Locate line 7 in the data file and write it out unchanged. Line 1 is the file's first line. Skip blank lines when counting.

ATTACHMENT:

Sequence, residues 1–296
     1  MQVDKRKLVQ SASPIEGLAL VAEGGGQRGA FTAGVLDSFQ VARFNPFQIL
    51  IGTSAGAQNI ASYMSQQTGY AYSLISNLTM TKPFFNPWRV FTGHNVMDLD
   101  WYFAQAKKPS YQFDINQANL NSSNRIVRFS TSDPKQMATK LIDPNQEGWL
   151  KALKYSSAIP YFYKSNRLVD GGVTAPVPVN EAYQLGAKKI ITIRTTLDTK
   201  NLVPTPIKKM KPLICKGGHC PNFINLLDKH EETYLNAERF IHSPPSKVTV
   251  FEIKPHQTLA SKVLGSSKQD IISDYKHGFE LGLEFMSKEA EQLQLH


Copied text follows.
   251  FEIKPHQTLA SKVLGSSKQD IISDYKHGFE LGLEFMSKEA EQLQLH